Epiphany Preaching Blog


Epiphany – Let a little light shine on our preaching

In my day job at the School of Theology in Sewanee I listen to sermons. Lots and lots of sermons. Loads of sermons. Tons. They pay me to do this because I am expected to listen critically, and evaluate the strengths, problems and potential of the sermon to help the student grow as a preacher. Then they graduate, are ordained, and unless they come back to enroll in the D.Min. in Preaching program or come to an Episcopal Preaching Foundation conference, they rarely receive meaningful evaluation and feedback. Except for the exceptions, and Epiphany is a marvelous time to become an exception.

Time is short – Lent will be here in less than a month – so this may have to wait until next year. But I encourage you to find a way to receive the sort of regular, critical, and challenging evaluation that will help you grow as a preacher. This does not come from spouse, partner, parents or children, not from your biggest fan in the parish, or the one marking the days off the calendar until you leave. It can only come from people you respect, and who respect you, and who care enough about your preaching to give some time and take some risks to help you grow. Here are three suggestions for creating a regular sermon-evaluation process, with an increasing degree-of-difficulty.

1.      Friends helping friends.  In seminary you may well have shared ideas, outlines, and drafts of your sermons with a friend or two before you launched them into the classroom or chapel. Many good preachers still do so today, sometimes with the same classmates, for others with a colleague in the community in which they serve. It happens informally all the time – “Heh, I listened to the sermon on your website. Great job, but there is one thing I want to ask you….” If you formalized an exchange like this, even if it is just over the telephone, and created an atmosphere in which a fellow preacher gave you honest feedback, it will make a difference.

2.     Group hug. A simple back-and-forth like this is a vast improvement over, “Thanks for the sermon,” on the way out the door. But it has the obvious limitation of only a couple of points of view, and the danger of becoming a two person homiletical mutual admiration society. What if you expanded the group to include two more friends, whether by conference call, Skype, or, be still my heart, face-to-face over lunch or coffee? This requires more organization, taking turns whose sermon(s) you will listen to before you meet, and who will lead the conversation, but these are hardly insurmountable barriers. Not if you plan on getting together every 6-8 weeks. Or more, but probably not less if you want to get much out of it. Every now and then you might agree to read a new or classic book about preaching, and include the author’s voice in your discussion.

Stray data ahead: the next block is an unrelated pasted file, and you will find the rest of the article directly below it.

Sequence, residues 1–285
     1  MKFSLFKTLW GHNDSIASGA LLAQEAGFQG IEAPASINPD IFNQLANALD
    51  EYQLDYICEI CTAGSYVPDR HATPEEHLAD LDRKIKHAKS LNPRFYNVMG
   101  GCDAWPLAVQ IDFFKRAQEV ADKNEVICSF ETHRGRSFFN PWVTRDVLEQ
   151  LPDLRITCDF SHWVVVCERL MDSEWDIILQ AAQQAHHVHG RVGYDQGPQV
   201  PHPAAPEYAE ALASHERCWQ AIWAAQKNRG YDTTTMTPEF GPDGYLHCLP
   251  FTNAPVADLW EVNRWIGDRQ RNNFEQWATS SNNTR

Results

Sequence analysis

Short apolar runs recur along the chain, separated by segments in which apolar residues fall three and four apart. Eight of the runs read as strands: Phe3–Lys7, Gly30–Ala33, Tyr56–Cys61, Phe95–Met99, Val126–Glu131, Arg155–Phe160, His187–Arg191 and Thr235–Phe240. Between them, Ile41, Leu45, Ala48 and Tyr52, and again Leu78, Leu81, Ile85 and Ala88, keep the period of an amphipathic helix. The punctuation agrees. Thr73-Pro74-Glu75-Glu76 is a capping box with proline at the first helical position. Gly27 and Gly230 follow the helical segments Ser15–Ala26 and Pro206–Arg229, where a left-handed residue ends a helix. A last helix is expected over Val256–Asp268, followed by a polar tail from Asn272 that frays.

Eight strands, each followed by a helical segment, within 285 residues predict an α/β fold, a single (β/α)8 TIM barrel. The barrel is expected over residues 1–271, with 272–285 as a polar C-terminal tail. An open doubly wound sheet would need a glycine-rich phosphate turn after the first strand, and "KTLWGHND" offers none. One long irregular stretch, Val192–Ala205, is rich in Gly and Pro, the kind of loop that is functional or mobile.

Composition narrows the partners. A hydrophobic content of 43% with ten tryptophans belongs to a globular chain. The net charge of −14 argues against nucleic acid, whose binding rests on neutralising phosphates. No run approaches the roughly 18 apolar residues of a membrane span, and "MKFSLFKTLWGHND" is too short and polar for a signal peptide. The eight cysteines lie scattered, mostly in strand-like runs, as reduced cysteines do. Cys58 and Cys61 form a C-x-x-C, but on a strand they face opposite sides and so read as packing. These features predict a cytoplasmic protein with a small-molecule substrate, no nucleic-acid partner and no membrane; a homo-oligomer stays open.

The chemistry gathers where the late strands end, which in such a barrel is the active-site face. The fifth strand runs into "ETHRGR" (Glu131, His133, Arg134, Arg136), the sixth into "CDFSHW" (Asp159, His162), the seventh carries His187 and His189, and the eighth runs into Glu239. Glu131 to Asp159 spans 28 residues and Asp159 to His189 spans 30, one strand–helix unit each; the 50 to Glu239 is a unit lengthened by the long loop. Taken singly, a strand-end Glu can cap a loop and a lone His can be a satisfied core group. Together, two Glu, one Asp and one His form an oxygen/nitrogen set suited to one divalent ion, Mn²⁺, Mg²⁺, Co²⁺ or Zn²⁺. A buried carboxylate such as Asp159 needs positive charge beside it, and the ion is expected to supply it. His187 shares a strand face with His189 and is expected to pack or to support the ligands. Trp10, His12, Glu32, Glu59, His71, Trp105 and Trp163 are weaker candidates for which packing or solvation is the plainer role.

3.     Epiphany Sermon Evaluation Group. And you might consider having a formal evaluation every year or so by a group of parishioners. Epiphany is a wonderful season for this, with great texts, a bit of a liturgical lull, and the energy of a new year’s resolution or two to spur you on. How might you do this? You will need six or so people, with whom you share trust and respect but not necessarily affection and friendship – though liking your preaching is not a disqualification. You will need to have recorded the sermons in order to watch or listen together, rather than trusting on memory and perfect attendance. And you will need to prepare a guideline to direct the group toward the manner of evaluation you want to receive. (sample form below.) Three or four sermons, in two sessions, is a good target, because you cannot expect to get much help from the discussion of the first sermon – some will think you only want their praise, others will bash away. By the time you discuss sermons three and four the group will have found its rhythm, and you will be so busy taking notes you will not have time to respond. Two other thoughts – in a parish with multiple preachers regularly on the rota, it is best to include them all in this process. And while you have a few people gathered around the preaching task, be sure to ask them, “What would you like to hear a sermon about?”

See you in the pulpit!

Bill Brosend  

 

 

Sermon Evaluation Form

 

A sermon should have something to say worth hearing, and say it well enough to be truly heard.

 

Having Something to Say

 

  1. Biblical Exegesis and theological understanding:  the exegesis and theology grounding the homily was sound, cogent, and persuasive.

1-disagree           2-somewhat disagree      3-somewhat agree      4-agree      5- Amen!

Comments:

 

 

 

2.  Clarity and focus:  the goal(s) and purpose(s) of the homily were clear, relevant,

and important.

1-disagree           2-somewhat disagree      3-somewhat agree      4-agree      5- Amen!

Comments:

 

 

 

Saying It Well

 

  1. Structure and movement:  the homily was clearly organized and moved in a logical fashion.

1-disagree          2-somewhat disagree      3-somewhat agree      4-agree      5- Amen!

Comments:

 

 

 

  1. Interest and engagement:  the homily held the listeners’ interest, engaged their issues and questions, and challenged and strengthened their faith in significant ways.

1-disagree          2-somewhat disagree      3-somewhat agree      4-agree      5- Amen!

Comments:

 

 

 

 

  1. Delivery and style:  the homily was appealing, appropriate, and persuasive.

1-disagree      2-somewhat disagree      3-somewhat agree      4-agree      5- Amen!

Comments: